Sr Ligouri always insisted we wear our best clothes and look presentable, and of course be punctual. This was to train us for employment. Companies used to contact her looking for girls who could work for them. She would choose those she felt most suitable for interview. It was a great College for all types of commercial work.

Some of my memories.  

Collette Mhic Giolla Eoin

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SOME MEMORIES OF DOMINICAN COLLEGE IN THE FIFTIES
by
Sr M Chanel O’Reilly OP
Dominican College Eccles Street

Looking back, many images and feelings return. I mention just a few. The feeling that Dominican College was a home from home giving us a great a sense of freedom. We were the first girls to have the ‘new uniform’- a heather tunic and cardigan - so different to other schools. Teachers changing class every forty minutes, great variety compared to Primary School.

The Middle Parlour was unique - a place of study with the Principal sitting at the top of the beautiful long table and a place of chatter and friendship making when she had to leave us on our own. The high stairs down to St Hyacinth’s Hall, with pictures of past school drama performances along the wall. St Hyacinth’s itself where we did Drill in navy gym slips, so different to the Gym classes of today. Coming back each September and walking around the corridors to find the room to which the class was assigned. We got our timetables for each subject from the teacher and had to put it together ourselves - unlike the computerised pre - printed and individual timetables that computers make possible today.

The annual retreat - a time for prayer, silence and spiritual reading and attending the Salve Procession in the beautiful Chapel. Going up to Shandon Park for camogie and tennis and buying lemonade in the shop at the gate after matches. Ms Shaw and her wonderful classes where she brought history to life, most especially the timelimes she gave us to construct and her wonderful presentation of the Renaissance with an introduction to the great artists of that time - we even had to go down to Gills to buy copies of their beautiful paintings. Sr Alvaro and her great organisation of classes, enlivened with her rendition of some of the speeches from our Shakepearean play - as good as Agnew MacMaster who played in the nearby Gate Theatre. Ms Burbridge who taught us Trigonomometry after school on Saturday. The beautiful Concert Hall where we did Choir under Sr Cecily’s expert musical direction. Especially notable were the annual Choir Exams when she conducted the whole school, assembled in the Hall, as the Diocesan Examiner listened to every note and spoke to us afterwards of the place in the liturgy of the pieces we had sung.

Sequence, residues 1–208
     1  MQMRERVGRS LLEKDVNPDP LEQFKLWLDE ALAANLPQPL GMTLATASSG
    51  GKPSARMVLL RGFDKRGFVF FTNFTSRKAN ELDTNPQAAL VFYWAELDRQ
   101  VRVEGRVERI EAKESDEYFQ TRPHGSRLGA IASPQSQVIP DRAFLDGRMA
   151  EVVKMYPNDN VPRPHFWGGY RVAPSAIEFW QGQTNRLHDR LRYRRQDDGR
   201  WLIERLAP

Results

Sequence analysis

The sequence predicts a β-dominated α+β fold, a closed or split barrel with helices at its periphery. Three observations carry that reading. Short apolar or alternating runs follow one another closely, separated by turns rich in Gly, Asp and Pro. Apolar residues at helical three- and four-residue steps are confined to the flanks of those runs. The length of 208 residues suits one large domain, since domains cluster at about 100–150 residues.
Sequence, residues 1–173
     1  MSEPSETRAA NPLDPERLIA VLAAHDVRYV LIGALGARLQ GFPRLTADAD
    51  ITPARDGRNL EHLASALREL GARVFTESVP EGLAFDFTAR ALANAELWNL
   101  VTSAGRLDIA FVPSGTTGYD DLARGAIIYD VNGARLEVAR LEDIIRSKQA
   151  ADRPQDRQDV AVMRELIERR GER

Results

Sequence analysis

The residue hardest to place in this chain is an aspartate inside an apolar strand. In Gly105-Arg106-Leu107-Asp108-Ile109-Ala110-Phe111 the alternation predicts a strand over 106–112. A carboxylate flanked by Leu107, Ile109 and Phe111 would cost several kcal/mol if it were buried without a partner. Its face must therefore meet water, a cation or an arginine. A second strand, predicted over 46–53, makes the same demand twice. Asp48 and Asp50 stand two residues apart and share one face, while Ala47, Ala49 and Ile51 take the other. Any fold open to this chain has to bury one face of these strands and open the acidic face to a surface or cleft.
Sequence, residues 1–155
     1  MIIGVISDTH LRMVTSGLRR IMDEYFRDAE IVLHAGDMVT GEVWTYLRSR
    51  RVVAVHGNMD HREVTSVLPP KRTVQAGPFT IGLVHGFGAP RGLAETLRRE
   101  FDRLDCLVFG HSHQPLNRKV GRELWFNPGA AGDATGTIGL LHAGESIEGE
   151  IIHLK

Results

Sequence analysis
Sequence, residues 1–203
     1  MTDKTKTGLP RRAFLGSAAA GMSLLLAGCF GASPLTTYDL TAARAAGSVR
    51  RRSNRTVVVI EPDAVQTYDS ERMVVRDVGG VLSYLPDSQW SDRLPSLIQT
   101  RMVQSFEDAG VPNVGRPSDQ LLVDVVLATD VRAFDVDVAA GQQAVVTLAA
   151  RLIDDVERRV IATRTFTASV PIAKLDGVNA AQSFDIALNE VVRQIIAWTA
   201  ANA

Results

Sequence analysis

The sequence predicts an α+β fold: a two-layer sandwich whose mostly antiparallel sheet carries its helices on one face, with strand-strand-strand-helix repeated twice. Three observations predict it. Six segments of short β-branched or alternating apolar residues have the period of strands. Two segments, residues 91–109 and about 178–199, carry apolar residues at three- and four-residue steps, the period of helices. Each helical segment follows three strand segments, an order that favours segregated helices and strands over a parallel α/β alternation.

Eighteen Hall lead to the stairs over which the Rosary window presided - our introduction to the Rosary as a Dominican devotion. Mocks were conducted in class time. Free days for St Thomas and Mother Prioress feastday - time which was much appreciated. Boarders talked of ‘midnight feasts’ and day pupils cajoled into buying drinks and eats for them. They were happy times without the stress of the Points System. The atmosphere in the college was one of support, good teaching opening the minds of the students to the wider canvas of life, Religion was well taught and ‘caught’ also, responsibility was expected and rules were basic and few. Thus we grew up.

S.M.Chanel O ’Reilly OP - 28 March 2014

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MEMORIES OF ECCLES STREET
by
Sr Maurice O’Donoghue OP
Dominican College Boarder

I have many happy memories of my time in Eccles Street as a boarder. One of the first things that enters my head is the feeling that each one of us was an individual and was treated as such. Individual interests were encouraged, be it music, art, reading or sport.

Holy Rosary Sunday was a very special day. It began with Solemn High Mass. In the afternoon the ‘old girls’ took their seats comfortably in the Concert Hall and sat back to enjoy the ‘new girls’ efforts to entertain us.

St Patrick’s Day was another highlight. For weeks beforehand we had Miss Commerford to teach us Irish dancing. We learned many set dances - the four-hand reel, the eight-hand reel and many others. That evening we entertained the nuns who sat around the Concert Hall and watched us perform.

My time in Eccles Street was a happy one.

Sr Maurice O’Donoghue OP - 5 March 2013

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MEMORIES OF DOMINICAN COLLEGE
by
Teriona Rogan
Dominican College Eccles Street 1950 -1958